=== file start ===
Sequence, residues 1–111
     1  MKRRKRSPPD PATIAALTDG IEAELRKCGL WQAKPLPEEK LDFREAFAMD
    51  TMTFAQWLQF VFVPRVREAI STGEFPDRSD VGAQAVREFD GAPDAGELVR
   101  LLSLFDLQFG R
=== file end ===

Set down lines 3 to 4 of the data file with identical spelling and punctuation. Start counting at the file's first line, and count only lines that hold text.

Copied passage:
    51  TMTFAQWLQF VFVPRVREAI STGEFPDRSD VGAQAVREFD GAPDAGELVR
   101  LLSLFDLQFG R